Out of America: Spartan Senate wages war on the free lunch

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The Independent Online
WASHINGTON - The prospect is enough to have you weeping for the future of the capital of the free world: swathes of pricey restaurants filing for bankruptcy protection, operas at the Kennedy Centre with hardly a patron, empty seats in the VIP box at Redskins football games.

Still, when your public approval rating is in the upper 20s and falling, you have to do something. So, last week, the Senate passed a law against lobbyists' gifts and favours. It was so strict, it shocked the Senate itself.

Campaigns to 'clean up Washington' are as old as the Republic. But rarely are they initiated within the institution at which they are aimed. By any standard, this show of virtue was impressive. No meals, trips, or tickets from anyone but family or close friends; no more invitations to charity golfing or ski weekends at glitzy resorts, where the lobbyists queue to pick up the bill. In short, no gifts; even small ones worth less than dollars 100 ( pounds 67) apiece, which previously Senators could accept without limit.

A reluctant House of Representatives has yet to pronounce, and a final bill will require hard bargaining. But a Senate vote of 95 to 4 sends an unmistakeable message: the age of the free lunch is over. If the Restauranteurs Association of Metropolitan Washington complains that its members will lose dollars 5m a year, then so be it.

Not of course that Capitol Hill is about to turn into Sparta. By conservative estimates, one Senator in two is a millionaire. House members are less well-heeled. But a salary of dollars 133,640 a year is not exactly a ticket for Skid Row. The state pays for small armies of staffers. But, undeniably the halcyon days are gone.

The great House Bank scandal of 1991-92 was the turning point. First for the radio talk-show hosts and then for Ross Perot, it was manna from heaven. The Augean stables had nothing on the United States Congress.

The besieged organisation sought to polish up its image. Overdraft-proof bank accounts disappeared: then, free health care, free gym facilities, free haircuts and free late-night snacks - believe it or not, even congressmen have to put in the odd 80- hour week. Finally, it was decreed that extra-curricular speaking fees, which could sometimes double an income, had to be donated to charity.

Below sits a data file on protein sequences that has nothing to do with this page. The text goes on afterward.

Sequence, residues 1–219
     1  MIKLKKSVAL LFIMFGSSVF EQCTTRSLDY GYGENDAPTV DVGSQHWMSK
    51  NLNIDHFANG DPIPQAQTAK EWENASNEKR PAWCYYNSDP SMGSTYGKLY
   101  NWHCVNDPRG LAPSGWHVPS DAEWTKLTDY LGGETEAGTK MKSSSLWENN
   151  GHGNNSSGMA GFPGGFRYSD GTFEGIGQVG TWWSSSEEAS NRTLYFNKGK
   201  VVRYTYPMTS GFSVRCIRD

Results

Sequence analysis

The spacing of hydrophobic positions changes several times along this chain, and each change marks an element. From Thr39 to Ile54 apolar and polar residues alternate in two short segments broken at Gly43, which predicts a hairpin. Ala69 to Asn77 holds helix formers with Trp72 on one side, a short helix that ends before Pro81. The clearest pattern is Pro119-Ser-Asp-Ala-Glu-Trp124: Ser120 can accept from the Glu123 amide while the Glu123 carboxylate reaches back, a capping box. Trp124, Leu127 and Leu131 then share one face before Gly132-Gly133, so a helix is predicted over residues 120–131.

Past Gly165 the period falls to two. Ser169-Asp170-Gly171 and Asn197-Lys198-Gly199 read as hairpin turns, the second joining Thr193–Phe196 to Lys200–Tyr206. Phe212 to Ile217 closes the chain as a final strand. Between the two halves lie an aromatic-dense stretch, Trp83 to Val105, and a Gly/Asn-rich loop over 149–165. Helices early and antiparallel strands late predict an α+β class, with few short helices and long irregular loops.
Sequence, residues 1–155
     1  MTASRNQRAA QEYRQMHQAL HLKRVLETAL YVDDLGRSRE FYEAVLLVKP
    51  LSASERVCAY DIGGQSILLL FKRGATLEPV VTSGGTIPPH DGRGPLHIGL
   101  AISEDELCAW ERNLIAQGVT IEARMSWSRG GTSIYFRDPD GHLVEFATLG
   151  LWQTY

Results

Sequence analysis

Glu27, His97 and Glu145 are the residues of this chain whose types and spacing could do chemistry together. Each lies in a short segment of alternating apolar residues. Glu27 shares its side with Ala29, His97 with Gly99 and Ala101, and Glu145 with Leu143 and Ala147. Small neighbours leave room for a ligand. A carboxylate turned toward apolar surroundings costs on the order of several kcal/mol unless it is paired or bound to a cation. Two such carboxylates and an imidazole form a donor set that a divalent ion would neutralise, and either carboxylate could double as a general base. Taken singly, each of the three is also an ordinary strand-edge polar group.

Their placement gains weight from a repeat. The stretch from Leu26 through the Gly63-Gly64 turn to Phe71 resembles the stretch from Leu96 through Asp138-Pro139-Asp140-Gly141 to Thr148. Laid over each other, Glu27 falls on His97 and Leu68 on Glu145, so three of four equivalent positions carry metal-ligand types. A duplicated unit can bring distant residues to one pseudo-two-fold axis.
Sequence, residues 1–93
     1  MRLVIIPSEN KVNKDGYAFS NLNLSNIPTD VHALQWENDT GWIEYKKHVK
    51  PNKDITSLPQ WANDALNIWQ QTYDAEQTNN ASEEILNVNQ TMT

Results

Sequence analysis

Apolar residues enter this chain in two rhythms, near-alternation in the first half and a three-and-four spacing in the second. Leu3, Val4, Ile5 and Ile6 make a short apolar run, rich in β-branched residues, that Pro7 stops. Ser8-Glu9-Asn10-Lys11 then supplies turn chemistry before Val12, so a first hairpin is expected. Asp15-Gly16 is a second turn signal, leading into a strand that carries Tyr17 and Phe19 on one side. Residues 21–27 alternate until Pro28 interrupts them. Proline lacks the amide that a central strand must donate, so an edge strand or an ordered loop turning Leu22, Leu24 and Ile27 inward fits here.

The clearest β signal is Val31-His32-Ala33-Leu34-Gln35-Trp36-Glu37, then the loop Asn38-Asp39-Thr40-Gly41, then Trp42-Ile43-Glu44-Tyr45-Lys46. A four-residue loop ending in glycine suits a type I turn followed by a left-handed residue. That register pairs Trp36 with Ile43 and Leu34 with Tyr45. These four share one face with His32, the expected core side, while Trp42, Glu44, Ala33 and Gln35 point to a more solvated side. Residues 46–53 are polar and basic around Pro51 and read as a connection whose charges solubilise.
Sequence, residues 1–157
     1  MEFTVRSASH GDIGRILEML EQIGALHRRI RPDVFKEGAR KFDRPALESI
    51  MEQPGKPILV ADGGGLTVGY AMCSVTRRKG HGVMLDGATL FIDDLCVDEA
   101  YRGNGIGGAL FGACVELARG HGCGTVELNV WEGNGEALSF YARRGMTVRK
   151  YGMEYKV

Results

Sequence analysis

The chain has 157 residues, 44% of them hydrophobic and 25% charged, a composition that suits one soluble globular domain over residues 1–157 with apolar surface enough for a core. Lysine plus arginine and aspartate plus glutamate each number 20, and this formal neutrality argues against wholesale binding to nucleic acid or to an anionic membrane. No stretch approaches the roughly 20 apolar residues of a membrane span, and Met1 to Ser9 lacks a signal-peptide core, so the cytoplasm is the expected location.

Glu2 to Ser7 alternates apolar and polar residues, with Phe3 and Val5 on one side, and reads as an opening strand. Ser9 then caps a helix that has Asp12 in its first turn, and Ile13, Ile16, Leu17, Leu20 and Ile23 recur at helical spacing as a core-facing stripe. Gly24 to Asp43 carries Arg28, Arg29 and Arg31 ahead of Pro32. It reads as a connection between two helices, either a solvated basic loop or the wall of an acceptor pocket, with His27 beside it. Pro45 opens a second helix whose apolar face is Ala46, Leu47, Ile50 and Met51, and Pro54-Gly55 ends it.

To no avail. Nothing could make the public love politicians. No wonder so many are throwing in the towel, retiring to more remunerative lines of business.

For those who soldier on, self- preservation is the order of the hour. A proposal to cut congressional salaries by 15 per cent was rejected, as in April was an amendment to remove free VIP car parks at Washington airports. But only thanks to departing members, beyond the reach of the voters' wrath. Of the 26 Senators up for re-election this autumn, 22 voted for the measure.

The pity is, it's pointless. This generation of congressmen may be corruptible, but they are far less so than their predecessors. A decent meal or two will not purchase their favours.

But this is the age of the politics of symbolic gestures. Hardly had he entered office than President Bill Clinton slapped a dollars 20-a- time, dollars 50-a-year limit on the cost of lunches which his staff may accept from journalists. The practice is 'honoured in the breach', one White House correspondent confesses (understandably so, given that dollars 20 barely buys a decent sandwich and large Diet Coke for two.

I suspect the clampdown on lobbyist favours is to deflect attention from the real scandal of American politics - campaign finance. The rule is that the candidate who has the most money wins. That usually means the incumbent. Hundreds of thousands of dollars may be contributed legally by a single interest group. The National Rifle Association, the health insurers and the tobacco industry are not charities. If they have a supporter in office, they will pay to keep him there.

So why not level the playing field by insisting that congressional campaigns are publicly funded? The pat answer is always the same: Americans would not finance the politicians they so despise. If last week's show of virtue was designed to prove that these assumed venal rascals had repented, and deserved taxpayers' dollars, we could all applaud. Alas not. The intended beneficiaries are the incumbents. It is enough to make you feel sorry for the Washington restaurant owners.